Posts Tagged ‘Oklahoma City’

Proposals Sought for OK Passenger Service

June 23, 2018

Watco Companies has issued a request for proposals to provide intercity rail passenger service between Tulsa and Oklahoma City, Oklahoma.

The request came from Watco subsidiary Stillwater Central Railroad and proposals are due by July 27.

The request for proposals seeks comprehensive proposals from providers of passenger rail services to operate passenger rail service to be known as the Eastern Flyer between Sapulpa and Del City on the Sooner Subdivision.

Oklahoma City currently is served by Amtrak’s Heartland Flyer while Tulsa has never had Amtrak service.

The last passenger trains to Tulsa were provided by the Santa Fe and discontinued with the coming of Amtrak on May 1, 1971.

Renovated OKC Station Opens

December 8, 2017

The former Santa Fe station in downtown Oklahoma City has reopened following the completion of the first phase of its renovation and restoration.

The station, which is the northern terminus of Amtrak’s Heartland Flyer route, opened in 1934.

The restoration project restored the interior of the station to what it looked like in the 1930s.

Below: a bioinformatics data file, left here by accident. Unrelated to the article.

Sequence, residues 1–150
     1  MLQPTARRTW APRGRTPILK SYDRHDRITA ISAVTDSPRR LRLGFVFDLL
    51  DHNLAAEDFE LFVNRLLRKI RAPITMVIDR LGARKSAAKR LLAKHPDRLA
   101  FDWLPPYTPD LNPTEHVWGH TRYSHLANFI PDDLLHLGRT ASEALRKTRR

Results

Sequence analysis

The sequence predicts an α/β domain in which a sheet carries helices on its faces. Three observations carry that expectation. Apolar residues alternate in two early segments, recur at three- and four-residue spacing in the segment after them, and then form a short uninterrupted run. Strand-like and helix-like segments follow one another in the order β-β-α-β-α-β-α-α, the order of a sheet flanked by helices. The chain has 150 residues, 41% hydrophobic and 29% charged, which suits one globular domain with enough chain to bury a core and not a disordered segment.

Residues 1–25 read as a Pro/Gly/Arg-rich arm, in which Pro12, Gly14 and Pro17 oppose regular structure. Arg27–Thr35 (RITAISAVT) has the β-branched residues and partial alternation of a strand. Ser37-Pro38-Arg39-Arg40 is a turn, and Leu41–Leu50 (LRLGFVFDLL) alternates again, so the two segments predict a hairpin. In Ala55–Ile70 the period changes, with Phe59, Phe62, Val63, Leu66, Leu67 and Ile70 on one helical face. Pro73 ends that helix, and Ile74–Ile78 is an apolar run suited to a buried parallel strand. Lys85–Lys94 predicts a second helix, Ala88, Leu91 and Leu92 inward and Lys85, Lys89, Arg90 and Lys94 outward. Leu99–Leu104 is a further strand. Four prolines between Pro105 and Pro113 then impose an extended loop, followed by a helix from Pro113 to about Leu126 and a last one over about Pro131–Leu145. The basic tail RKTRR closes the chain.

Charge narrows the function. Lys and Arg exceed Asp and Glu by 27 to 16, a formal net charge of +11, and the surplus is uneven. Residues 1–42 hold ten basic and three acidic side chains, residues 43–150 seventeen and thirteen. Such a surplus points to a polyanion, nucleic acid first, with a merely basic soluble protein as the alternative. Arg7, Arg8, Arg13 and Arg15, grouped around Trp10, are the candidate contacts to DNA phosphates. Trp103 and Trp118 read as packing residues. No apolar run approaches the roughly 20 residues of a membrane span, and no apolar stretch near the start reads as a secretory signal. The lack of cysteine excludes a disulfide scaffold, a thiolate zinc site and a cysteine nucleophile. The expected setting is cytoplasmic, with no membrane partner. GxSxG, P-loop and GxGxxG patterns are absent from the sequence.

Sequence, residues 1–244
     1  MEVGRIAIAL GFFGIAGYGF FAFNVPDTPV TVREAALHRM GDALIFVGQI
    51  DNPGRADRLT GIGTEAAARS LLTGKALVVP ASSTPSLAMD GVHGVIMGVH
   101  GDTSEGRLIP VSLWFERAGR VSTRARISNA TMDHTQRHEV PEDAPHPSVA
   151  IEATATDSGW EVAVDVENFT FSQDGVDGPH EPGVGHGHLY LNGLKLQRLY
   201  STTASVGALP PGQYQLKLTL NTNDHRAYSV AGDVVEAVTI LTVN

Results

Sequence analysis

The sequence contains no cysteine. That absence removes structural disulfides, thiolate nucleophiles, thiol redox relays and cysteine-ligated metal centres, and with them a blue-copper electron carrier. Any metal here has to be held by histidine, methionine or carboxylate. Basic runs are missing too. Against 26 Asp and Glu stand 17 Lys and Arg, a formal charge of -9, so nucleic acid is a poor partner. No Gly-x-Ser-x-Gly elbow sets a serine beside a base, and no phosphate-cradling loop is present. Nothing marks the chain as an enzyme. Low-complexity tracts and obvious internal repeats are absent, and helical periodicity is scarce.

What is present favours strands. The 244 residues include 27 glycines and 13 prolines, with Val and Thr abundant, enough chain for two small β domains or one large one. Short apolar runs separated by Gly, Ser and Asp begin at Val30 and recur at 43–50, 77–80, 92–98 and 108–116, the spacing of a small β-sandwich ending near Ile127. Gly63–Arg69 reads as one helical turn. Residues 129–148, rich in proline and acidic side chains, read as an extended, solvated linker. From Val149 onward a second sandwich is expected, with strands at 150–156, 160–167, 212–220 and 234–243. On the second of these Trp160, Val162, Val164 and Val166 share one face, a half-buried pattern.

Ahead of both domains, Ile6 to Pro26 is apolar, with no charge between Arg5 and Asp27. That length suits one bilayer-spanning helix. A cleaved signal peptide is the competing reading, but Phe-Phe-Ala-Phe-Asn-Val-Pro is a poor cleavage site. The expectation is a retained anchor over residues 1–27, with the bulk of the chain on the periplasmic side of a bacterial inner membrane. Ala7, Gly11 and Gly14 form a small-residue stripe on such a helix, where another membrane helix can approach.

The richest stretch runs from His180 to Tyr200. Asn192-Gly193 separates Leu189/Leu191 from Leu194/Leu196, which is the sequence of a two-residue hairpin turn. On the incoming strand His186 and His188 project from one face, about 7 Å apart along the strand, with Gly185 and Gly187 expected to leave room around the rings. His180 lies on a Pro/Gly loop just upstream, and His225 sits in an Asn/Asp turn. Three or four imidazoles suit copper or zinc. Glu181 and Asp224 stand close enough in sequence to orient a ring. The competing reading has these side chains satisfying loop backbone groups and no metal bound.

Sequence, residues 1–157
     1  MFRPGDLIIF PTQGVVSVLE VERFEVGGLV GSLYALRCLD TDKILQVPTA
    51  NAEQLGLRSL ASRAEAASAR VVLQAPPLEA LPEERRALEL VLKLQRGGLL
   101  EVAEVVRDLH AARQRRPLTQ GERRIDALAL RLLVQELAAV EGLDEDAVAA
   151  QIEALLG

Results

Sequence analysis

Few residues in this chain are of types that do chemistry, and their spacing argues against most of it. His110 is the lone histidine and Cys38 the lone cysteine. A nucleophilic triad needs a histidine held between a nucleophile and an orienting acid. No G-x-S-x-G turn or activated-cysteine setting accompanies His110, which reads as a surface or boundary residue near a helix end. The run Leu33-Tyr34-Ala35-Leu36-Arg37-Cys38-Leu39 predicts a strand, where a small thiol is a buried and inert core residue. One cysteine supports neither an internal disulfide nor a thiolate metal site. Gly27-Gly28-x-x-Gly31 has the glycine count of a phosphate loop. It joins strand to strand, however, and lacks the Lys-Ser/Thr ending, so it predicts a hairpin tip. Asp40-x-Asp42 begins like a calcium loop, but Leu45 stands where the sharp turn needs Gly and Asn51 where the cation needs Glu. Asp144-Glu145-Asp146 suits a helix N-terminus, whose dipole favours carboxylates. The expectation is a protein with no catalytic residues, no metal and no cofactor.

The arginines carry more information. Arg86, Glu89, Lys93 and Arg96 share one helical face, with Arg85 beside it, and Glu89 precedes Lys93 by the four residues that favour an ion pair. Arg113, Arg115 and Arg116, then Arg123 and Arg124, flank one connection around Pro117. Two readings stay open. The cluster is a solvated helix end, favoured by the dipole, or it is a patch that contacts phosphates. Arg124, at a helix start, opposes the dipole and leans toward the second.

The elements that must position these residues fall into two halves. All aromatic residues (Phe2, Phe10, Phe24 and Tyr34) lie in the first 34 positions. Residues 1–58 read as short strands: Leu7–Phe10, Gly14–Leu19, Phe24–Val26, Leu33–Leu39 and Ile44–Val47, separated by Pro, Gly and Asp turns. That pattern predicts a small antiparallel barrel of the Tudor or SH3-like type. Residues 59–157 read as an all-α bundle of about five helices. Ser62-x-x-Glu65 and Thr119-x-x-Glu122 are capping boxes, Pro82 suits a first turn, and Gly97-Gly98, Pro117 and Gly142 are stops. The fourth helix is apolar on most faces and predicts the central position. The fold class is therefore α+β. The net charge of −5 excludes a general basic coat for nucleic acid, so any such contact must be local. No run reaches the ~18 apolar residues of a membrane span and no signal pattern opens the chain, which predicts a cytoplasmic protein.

This included matching paint from samples chipped from the wall and installing replica art deco light fixtures.

A new sculpture, titled Connectivity and created by Marsh Scott, fills the window over the west entrance.

Additional limestone traced to the same Texas quarry as the original pieces was also used in the restoration work.

“This is a gem to be involved in,” said Rick Lueb of TAP Architecture.

Most of the money for the $28.4 million project was provided by a federal transportation grant.

Lueb said photographs provided by a railroad enthusiast proved invaluable in recreating the original station.

Aside from serving Amtrak, the station will house city transit offices and retail businesses.

The next phase of the project will involve building a tunnel under the tracks to create a walkway to Bricktown and a plaza. That work is expected to be finished in June 2019.

OKC Mayor Mick Cornett said the restoration shows community values at work, preserving what could be lost.

The Heartland Flyer operates daily between Oklahoma City and Fort Worth, Texas, where it connects with Amtrak’s Chicago-San Antonio Texas Eagle.

The OKC station might also some day serve a proposed light rail line.

OKC-South Texas Rail Found Feasible by Study

November 9, 2017

A study has determined that a passenger-rail route between Oklahoma City and South Texas would be feasible.

The Texas Department of Transportation announced the results of the study this week, saying that the finding will pave the way for continued analysis of the proposal, including an environmental study to determine the route and environmental impacts before construction could begin.

The study also looked at the prospect of 220 mph passenger-rail between Dallas and San Antonio, finding it also would be feasible.